Pubdate: Tue, 08 May 2001
Source: Vancouver Sun (CN BC)
Copyright: 2001 The Vancouver Sun
Author: Paul Willcocks


VICTORIA - It wasn't the best day to talk to Marijuana party leader Brian 
Taylor. He'd had a root canal in the morning, and that was the good part of 
his day. Now he was struggling to write a eulogy for his father, who had 
died of heart failure days earlier while Mr. Taylor was campaigning in 
northern B.C.

But the amiable ex-mayor of Grand Forks was willing to take a break and 
talk about the party's election campaign, surprising both for its relative 
success and the kind of supporters the pro-pot party is pulling.

There are still lots of dreadlocks and dazed expressions when the 
"Cannabus" rolls into town. But mixed in with the hippies are 
businesspeople and libertarians who are attracted by the Marijuana party's 
fierce determination to kick government out of peoples' lives.

Mr. Taylor said the party has attracted conservatives -- including some 
senior Canadian Alliance supporters -- angry at everything from the 
education establishment to bicycle helmet laws.

"Government is interfering in our lives everywhere," he said. "What are we 
doing telling some little old men riding bicycles to the store that they 
have to wear funny-looking hats?"

The party isn't going to elect any candidates. But it's running at three or 
four per cent in some opinion polls, enough to make it a serious challenger 
to the Unity party, enough to ensure some 60,000 British Columbians are 
going to choose a party that would be a novelty in most provinces. (The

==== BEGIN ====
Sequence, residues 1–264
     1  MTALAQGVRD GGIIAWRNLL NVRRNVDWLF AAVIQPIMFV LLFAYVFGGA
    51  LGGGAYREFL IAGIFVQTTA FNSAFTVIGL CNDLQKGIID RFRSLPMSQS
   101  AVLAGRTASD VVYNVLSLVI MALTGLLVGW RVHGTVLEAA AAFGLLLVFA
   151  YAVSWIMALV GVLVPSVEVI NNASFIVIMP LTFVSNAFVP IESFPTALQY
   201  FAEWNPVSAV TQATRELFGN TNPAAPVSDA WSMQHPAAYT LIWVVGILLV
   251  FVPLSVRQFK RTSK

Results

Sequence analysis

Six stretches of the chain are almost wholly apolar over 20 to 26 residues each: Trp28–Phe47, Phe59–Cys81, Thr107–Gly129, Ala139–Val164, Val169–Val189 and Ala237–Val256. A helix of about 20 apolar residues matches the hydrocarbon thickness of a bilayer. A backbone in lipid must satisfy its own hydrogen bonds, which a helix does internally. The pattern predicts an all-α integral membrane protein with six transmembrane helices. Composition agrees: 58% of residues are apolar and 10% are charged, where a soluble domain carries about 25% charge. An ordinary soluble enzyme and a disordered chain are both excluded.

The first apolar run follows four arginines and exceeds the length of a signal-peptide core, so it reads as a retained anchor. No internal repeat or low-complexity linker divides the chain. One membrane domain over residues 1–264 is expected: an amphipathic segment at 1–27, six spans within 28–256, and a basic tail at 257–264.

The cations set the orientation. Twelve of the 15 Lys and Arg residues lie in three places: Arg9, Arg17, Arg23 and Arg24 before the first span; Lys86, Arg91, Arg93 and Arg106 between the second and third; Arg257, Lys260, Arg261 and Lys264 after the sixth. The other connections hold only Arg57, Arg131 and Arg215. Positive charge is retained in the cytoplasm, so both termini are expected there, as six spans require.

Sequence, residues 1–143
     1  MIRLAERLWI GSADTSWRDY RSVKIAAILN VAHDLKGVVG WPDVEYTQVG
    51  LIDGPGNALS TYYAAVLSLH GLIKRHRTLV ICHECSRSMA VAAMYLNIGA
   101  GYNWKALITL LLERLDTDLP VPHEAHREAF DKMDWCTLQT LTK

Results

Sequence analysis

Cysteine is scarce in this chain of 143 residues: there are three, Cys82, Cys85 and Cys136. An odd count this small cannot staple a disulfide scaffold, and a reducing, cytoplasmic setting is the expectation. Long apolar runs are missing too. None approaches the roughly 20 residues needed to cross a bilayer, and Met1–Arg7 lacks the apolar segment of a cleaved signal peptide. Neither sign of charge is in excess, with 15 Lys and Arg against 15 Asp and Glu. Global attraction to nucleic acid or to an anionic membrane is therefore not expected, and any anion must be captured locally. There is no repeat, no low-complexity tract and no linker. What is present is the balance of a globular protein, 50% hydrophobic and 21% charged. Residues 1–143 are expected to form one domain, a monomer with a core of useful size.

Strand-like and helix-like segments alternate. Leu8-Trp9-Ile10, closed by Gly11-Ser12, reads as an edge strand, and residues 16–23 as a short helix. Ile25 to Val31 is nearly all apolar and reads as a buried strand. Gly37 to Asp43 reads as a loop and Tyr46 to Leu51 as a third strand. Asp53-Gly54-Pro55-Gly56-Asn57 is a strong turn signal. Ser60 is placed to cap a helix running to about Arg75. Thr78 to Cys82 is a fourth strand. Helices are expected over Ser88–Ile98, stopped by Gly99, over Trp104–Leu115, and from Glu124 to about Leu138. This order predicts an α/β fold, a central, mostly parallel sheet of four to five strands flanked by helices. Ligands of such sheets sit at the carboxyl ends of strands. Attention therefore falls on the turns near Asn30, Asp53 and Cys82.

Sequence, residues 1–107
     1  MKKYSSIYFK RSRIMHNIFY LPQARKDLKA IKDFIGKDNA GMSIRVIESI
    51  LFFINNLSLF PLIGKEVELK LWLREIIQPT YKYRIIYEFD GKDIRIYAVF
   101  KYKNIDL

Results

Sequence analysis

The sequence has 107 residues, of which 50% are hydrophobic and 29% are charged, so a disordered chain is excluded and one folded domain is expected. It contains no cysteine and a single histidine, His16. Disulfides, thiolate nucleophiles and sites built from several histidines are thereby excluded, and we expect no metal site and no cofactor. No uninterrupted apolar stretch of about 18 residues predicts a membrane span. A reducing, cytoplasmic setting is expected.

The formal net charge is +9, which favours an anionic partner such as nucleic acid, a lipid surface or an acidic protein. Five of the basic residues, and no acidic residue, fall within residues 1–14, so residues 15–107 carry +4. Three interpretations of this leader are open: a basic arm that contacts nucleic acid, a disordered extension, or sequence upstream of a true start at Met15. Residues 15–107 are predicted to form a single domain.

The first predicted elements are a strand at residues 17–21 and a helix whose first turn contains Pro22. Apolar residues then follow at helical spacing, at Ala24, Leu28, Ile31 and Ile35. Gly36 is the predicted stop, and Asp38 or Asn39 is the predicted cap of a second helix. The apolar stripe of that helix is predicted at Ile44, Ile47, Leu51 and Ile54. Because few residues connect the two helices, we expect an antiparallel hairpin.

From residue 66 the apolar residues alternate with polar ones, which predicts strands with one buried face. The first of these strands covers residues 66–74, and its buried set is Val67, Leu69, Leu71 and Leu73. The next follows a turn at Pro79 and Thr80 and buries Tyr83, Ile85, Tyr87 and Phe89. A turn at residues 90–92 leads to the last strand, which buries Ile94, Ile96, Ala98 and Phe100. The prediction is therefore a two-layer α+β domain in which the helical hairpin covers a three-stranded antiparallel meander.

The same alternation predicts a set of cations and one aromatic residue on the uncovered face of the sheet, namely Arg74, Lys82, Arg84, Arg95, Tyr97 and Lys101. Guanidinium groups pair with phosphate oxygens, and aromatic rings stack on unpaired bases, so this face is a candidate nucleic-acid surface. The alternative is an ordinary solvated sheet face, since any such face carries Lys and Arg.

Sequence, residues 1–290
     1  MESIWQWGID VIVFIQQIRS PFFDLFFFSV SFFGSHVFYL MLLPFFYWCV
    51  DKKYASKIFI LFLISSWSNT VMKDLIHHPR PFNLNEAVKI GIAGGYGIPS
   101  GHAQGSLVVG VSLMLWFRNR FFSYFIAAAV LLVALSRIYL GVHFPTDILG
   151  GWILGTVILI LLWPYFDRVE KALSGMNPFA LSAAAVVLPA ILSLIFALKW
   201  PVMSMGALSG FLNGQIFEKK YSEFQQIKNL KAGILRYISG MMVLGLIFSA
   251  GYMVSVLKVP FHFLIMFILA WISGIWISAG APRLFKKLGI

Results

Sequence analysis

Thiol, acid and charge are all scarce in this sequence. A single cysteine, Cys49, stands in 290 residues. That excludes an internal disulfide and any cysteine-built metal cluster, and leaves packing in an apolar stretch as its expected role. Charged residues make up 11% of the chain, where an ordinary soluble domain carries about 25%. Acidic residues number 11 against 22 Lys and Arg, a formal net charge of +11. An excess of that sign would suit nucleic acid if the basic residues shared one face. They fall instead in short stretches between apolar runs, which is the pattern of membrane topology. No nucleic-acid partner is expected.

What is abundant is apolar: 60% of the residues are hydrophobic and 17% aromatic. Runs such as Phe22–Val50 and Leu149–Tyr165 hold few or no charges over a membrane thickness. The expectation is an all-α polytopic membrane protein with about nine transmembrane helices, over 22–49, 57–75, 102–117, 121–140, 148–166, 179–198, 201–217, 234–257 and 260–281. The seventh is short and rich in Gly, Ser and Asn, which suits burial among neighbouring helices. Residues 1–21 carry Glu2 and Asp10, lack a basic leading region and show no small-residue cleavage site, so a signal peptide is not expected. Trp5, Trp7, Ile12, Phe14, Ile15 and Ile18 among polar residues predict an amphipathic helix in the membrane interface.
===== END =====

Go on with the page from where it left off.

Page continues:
party drew about 66,000 votes across Canada in the federal election.)

One difference is money. Party president Marc Emery is a cannabis 
capitalist with a successful magazine, an Internet pot-TV station and a 
marijuana seed business with a catalogue that reads like the Wine Journal, 
with lyrical descriptions of pot from around the world. He's running for 
the party, but more importantly he's putting up almost all of the $250,000 
in campaign costs.

(That's why the party could score the Cannabus, a political fixture that's 
hauled Bill Vander Zalm, Ronald Reagan and Jesse Ventura in past campaigns.)

But the party has also found a receptive audience. Mr. Emery is no hippie. 
He's a successful businessman with media skills honed in the aftermath of 
police raids on his operations. The Marijuana party isn't seeking the 
left-wing vote, he said, it's courting people who want less government.

"Our theme is choices, options, tolerance," he said. "We're promoting 
heavily in rural areas our opposition to Ottawa's gun registration scheme." 
The party also supports private health care options and a voucher system to 
let parents choose the schools that do the best job.

Mr. Taylor, whose last foray into provincial politics was a run against 
Bill Bennett as a New Democrat in 1983, said the party has attracted people 
who support free enterprise and free choice.

It's also attracted people who just don't want to be told what to do, 
especially by politicians they don't trust or respect.

That's no surprise to Eli Sopow, who suggests the Marijuana party's support 
is a harbinger of days of protest that lie ahead. Mr. Sopow is a consultant 
and a former reporter who worked in the last days of the Socred government. 
He said the Liberals will face a difficult time governing a disaffected 

His report, Ticking, Clicking and Ready to Explode: Middle-Aged Militants 
in British Columbia, is based partly on a provincial survey done in March, 
and it concludes the middle-aged masses have lost faith in big government, 
big corporations and even big environmental groups.

"They're like the guy in the movie," he said. "They're mad as hell and 
they're not going to take it any more."

Mr. Sopow found almost as much mistrust of institutions and willingness to 
protest among those between 35 and 55 as he did among students.

Gordon Campbell should keep those people in mind in the first heady months 
after the election.

The Marijuana party may be more than a novelty.

It may be the vanguard for a movement of people who expect the government 
to do less, explain better and allow more choice.
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